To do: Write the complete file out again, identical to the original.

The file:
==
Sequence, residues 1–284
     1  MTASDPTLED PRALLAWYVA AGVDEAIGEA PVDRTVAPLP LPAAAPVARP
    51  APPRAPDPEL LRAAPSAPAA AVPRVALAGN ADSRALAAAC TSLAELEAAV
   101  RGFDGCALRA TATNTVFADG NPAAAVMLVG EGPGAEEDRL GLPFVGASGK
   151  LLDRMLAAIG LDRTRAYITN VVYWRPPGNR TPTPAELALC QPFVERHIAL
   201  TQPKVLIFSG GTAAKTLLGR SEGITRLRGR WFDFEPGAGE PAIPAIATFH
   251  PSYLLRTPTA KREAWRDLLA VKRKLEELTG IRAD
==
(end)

Sequence, residues 1–284
     1  MTASDPTLED PRALLAWYVA AGVDEAIGEA PVDRTVAPLP LPAAAPVARP
    51  APPRAPDPEL LRAAPSAPAA AVPRVALAGN ADSRALAAAC TSLAELEAAV
   101  RGFDGCALRA TATNTVFADG NPAAAVMLVG EGPGAEEDRL GLPFVGASGK
   151  LLDRMLAAIG LDRTRAYITN VVYWRPPGNR TPTPAELALC QPFVERHIAL
   201  TQPKVLIFSG GTAAKTLLGR SEGITRLRGR WFDFEPGAGE PAIPAIATFH
   251  PSYLLRTPTA KREAWRDLLA VKRKLEELTG IRAD